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U. hires 2 prominent scientists

Published October 27, 2007 12:00 am

State may reap rewards from research with commercial potential
This is an archived article that was published on sltrib.com in 2007, and information in the article may be outdated. It is provided only for personal research purposes and may not be reprinted.

The University of Utah has used money allocated by the Legislature to the Utah Science Technology and Research Initiative to hire two prominent scientists whose research may translate into economic returns for the state.

Hamid Ghandehari, a professor of pharmaceutical chemistry and director of the Center for Nanomedicine and Cellular Delivery at the University of Maryland-Baltimore, is developing extremely small "nanoparticles" that can deliver drugs to cancer cells.

Marc Porter, a chemistry professor and director of the Center for Combinatorial Sciences, at Arizona State University, is inventing substances that can sense cancers or other diseases at very early stages.

"They are both leaders in nanotechnology and they both bring large research programs with them," Richard Brown, dean of engineering at the University of Utah, said Friday.

Nanotechnology is a branch of science and engineering focused on designing tiny devices built from individual atoms and molecules. Both men will work at the university. Their salaries will be paid by USTAR, which was created by the Legislature last year.

Ghandehari, who received his undergraduate and doctoral degrees from the University of Utah, is working on what he said are drug-delivery devices that work at the molecular level to track down cancer cells and kill them.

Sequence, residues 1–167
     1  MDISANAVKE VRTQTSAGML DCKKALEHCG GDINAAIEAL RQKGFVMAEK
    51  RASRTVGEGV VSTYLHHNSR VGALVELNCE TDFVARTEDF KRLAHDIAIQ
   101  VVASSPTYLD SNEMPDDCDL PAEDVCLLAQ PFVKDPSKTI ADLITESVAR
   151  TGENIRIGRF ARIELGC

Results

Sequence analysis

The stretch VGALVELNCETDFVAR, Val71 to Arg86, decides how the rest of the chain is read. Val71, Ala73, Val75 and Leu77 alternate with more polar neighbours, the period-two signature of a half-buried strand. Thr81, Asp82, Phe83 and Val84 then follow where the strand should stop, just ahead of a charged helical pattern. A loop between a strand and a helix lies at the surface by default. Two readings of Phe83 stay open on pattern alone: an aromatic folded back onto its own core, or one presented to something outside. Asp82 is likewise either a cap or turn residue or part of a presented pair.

"To do so, you really have to have nanoconstructs, and then on those you can . . . incorporate targeting [drugs] that actually hone in on the cancer cell. You also have to tailor them so they can be internalized in the cell," Ghandehari said.

Brown said Ghandehari is working in an area of medicine with enormous commercial potential. He cited a study by the Freedonia Group, a research firm that claims the market for nanotechnology medical products and devices will exceed $110 billion a year by 2016.

"I don't think anybody would argue that it's a huge opportunity economically, as well as a huge opportunity to help people live longer and healthier lives," Brown said.

Brown said Porter wanted to come to Utah because of the university's interest in transferring scientific research into commercial products.

"The No. 1 attraction was that the University of Utah knows how to do technology transfer and he was being a little frustrated at this other place," Brown said.

Porter holds 10 patents and has several more pending. He has established four companies and is bringing two of them with him. Nanoparts manufactures gold nanoparticles, a widely used material for chemical, biomedical and other purposes.

Another company, Concurrent Analytical, develops immunoassay systems for detecting proteins that protect against infectious agents.

His latest research is focused on detecting disease-causing pathogens at extremely low concentrations.

"The earlier we can detect the presence of these [microorganisms] the earlier we can launch counter measures," Porter said.

pbeebe@sltrib.com